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“ALL KNOWLEDGE IS SORROW” In Regards to CH. 6-7 of Frankenstein By: Audrie Moses & Katelyn Jennings.

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Presentation on theme: "“ALL KNOWLEDGE IS SORROW” In Regards to CH. 6-7 of Frankenstein By: Audrie Moses & Katelyn Jennings."— Presentation transcript:

1 “ALL KNOWLEDGE IS SORROW” In Regards to CH. 6-7 of Frankenstein By: Audrie Moses & Katelyn Jennings

2 ECCLESIASTES 1:17-18  17And I set my mind to know wisdom and to know madness and folly; I realized that this also is striving after wind. 18Because in much wisdom there is much grief, and increasing knowledge results in increasing pain.

3 CHAPTER 6 Plot Developm ent Characte r Developm ents Literary devices Developm ent of theme Literary or artistic connecti on After suffering a mental breakdown upon the completion of the creature, Victor is left wary of his work and all that it holds. Clerval remains at Victor’s by Victor’s side and provides Victor with letters from his family in Geneva. Victor’s spirits are slowly lifted and there is a hint of hope for Victor’s future. Victor left his home in the hopes of obtaining greater knowledge at University. After this recently acquired knowledge “fails” Victor loses his identity and escapes into his mind, a shell of the man he once was. Clerval also returns, finally in favor of his father, and provides friendship for Victor during a time of need. Diction: The strong word choice throughout the chapter strongly supports the necessary tone of the novel. Flashback: Victor constantly has flashbacks of his gorgeous country of Geneva (life appears to consist in a warm sun) which tells that his dreams are that of quaint, happy life. One that he no longer possesses. “A selfish pursuit had cramped and narrowed me, until your gentleness and affection warmed me and opened my senses; I became the happy creature who, a few years ago, loved and beloved by all, had no sorrow or care” (46). Victor is suffering in his own sorrow over the creations made by his own hand. His pursuit for knowledge has left him haunted.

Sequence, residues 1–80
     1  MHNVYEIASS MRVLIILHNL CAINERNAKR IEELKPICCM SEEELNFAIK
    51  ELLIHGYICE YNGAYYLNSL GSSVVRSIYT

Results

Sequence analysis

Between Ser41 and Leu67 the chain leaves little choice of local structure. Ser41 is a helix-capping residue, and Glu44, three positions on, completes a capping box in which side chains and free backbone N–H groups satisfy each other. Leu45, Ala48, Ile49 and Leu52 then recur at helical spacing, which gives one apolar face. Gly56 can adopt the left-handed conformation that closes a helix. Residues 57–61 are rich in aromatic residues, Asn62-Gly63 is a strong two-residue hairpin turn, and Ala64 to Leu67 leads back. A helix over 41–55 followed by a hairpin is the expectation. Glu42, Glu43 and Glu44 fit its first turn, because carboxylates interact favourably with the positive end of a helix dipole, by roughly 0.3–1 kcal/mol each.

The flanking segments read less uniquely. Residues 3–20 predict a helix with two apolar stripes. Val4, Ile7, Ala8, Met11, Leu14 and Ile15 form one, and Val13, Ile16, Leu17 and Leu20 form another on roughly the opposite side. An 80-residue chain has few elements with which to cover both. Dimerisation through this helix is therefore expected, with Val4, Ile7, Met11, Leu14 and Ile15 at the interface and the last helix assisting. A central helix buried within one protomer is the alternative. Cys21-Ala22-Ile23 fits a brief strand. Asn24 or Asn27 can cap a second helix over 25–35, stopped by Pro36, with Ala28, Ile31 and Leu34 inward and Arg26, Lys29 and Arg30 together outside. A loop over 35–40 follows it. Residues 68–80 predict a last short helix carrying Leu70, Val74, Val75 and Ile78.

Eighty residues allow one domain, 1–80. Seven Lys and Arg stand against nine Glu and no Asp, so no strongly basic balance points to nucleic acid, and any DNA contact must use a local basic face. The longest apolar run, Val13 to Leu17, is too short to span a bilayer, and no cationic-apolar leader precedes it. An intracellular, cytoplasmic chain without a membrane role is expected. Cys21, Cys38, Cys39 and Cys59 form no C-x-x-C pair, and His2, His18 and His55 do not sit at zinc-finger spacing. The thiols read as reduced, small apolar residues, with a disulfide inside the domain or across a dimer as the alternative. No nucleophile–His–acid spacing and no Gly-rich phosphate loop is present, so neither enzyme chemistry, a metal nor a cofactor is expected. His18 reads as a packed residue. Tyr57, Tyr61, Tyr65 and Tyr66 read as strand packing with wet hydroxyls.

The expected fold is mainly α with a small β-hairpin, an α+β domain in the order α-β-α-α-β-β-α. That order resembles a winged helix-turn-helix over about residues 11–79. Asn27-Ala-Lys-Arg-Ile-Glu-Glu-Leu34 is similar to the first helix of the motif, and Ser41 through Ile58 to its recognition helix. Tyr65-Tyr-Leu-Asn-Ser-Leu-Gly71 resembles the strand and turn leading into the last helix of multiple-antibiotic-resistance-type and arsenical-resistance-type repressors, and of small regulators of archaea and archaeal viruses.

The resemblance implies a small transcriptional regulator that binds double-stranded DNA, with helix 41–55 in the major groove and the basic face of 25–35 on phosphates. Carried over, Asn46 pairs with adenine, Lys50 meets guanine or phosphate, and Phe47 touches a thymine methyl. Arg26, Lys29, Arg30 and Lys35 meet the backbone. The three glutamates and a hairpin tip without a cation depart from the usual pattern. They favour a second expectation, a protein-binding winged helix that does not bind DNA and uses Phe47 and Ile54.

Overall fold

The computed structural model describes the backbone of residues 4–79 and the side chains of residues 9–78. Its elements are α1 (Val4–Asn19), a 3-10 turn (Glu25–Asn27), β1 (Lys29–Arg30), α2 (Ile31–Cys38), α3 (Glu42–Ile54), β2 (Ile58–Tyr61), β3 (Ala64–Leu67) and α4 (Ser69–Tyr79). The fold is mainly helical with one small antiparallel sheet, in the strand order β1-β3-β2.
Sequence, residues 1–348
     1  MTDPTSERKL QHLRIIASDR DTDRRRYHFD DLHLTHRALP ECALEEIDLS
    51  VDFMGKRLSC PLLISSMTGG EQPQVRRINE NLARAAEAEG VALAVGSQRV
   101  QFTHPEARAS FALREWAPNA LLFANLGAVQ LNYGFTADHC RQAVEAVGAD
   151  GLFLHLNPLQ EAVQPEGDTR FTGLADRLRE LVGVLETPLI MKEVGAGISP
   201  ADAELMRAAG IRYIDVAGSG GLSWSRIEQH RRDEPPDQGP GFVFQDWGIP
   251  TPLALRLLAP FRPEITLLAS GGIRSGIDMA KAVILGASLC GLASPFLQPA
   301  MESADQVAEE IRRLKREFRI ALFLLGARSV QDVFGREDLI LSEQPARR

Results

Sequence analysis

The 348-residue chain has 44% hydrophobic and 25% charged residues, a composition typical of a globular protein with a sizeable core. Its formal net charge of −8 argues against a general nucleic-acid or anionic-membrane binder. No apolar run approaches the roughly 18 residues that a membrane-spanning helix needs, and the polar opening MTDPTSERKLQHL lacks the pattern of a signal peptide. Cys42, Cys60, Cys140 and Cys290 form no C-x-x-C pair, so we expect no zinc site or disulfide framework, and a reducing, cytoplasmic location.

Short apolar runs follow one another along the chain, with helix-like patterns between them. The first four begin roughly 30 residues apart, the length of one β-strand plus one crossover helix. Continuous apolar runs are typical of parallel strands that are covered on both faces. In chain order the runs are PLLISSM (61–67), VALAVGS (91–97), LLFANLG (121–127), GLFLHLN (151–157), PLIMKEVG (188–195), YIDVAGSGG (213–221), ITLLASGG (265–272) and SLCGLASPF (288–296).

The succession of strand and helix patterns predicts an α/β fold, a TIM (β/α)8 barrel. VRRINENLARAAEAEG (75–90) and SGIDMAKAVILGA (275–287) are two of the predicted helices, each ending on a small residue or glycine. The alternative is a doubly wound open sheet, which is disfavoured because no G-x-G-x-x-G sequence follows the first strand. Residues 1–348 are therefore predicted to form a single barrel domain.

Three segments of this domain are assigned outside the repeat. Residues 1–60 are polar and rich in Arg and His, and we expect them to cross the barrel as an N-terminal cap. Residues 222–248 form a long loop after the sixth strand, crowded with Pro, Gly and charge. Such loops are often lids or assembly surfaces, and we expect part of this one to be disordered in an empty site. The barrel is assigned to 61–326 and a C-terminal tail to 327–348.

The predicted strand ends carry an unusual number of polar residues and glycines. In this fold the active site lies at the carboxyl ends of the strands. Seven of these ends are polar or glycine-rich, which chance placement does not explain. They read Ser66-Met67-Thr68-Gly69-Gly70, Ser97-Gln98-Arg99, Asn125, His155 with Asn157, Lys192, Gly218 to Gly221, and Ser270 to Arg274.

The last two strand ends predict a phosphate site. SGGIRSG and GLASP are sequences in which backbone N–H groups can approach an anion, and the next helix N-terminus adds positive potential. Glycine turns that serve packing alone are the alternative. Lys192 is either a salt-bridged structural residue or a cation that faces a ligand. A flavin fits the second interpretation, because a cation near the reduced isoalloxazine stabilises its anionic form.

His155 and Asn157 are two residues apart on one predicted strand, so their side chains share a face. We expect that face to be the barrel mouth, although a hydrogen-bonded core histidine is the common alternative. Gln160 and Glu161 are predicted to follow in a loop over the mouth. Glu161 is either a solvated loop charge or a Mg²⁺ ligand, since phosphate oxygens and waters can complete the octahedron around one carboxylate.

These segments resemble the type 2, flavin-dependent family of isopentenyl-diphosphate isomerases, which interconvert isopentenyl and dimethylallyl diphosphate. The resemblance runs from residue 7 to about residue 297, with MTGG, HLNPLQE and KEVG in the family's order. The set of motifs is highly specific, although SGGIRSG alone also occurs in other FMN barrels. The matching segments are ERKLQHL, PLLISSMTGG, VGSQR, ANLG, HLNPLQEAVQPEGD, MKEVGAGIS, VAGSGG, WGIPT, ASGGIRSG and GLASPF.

4 ARTISTIC/LITERARY CONNECTION  y-negro-de-terror-sexy y-negro-de-terror-sexy 25/regret/

5 CHAPTER 7 Plot Development Character Development Literary Devices Development of Theme Literary/Artis tic Devices Recently nursed back to health by Clerval, Victor is slowly returning to his “old” self. Yet, he soon learns that his dear brother William has been murdered. This prompts Victor to return to his family’s estate in Geneva, where he quickly learns that the killer of his dear brother is his own creation. Victor is just recovering when he learns that his creation murdered his dear sibling. He shows his true colors when he stays quiet about his discovery of the true murderer, a killer made his own hand. Elizabeth’s character is grieving the loss of William and shows her grief, yet remains strong for the family. Foreshadowing: Victor’s attempt to keep the creature from his thoughts and remain happy in his pursuits alludes that soon the creature shall again return and cause chaos. Simile- Victor has made himself a coward and is new to feelings of such depth, he feels like a child new to the world’s suffering. (“I wept like a child” (49). “I do not know what you mean but to us the discovery we have made completes our misery” (52). The knowledge that Victor has been blessed to acquire has been misused and is now the bane of Victor’s existence, for the knowledge he possesses has created the murderer who haunts his family. v=4trn2lJxl0 0 oetry.com/p oem/ /the-flight- of-the- coward-king/

6 ARTISTIC/ LITERARY CONNECTION Weep for yourself, my man, You'll never be what is in your heart Weep, little lion man, You're not as brave as you were at the start Rate yourself and rake yourself Take all the courage you have left And waste it on fixing all the problems that you made in your own head –Mumford and Sons, Little Lion Man d/poems/

7 SOURCES  negro-de-terror-sexy   Man.html Man.html  


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